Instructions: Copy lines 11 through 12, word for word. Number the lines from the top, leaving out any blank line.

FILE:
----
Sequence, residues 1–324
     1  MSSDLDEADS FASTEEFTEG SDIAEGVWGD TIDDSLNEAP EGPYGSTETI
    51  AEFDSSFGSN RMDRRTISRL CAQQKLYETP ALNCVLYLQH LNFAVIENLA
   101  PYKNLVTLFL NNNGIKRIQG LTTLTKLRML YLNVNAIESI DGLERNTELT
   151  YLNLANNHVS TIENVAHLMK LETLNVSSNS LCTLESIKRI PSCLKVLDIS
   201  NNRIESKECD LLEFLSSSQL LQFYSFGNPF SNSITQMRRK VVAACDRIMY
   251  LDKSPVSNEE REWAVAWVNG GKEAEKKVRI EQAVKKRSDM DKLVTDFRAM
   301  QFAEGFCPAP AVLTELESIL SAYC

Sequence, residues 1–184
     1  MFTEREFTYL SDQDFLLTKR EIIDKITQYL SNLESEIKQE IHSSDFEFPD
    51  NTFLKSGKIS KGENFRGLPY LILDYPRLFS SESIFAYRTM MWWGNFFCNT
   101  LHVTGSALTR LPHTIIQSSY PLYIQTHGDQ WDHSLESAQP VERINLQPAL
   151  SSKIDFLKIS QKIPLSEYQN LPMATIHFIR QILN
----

    51  NTFLKSGKIS KGENFRGLPY LILDYPRLFS SESIFAYRTM MWWGNFFCNT
   101  LHVTGSALTR LPHTIIQSSY PLYIQTHGDQ WDHSLESAQP VERINLQPAL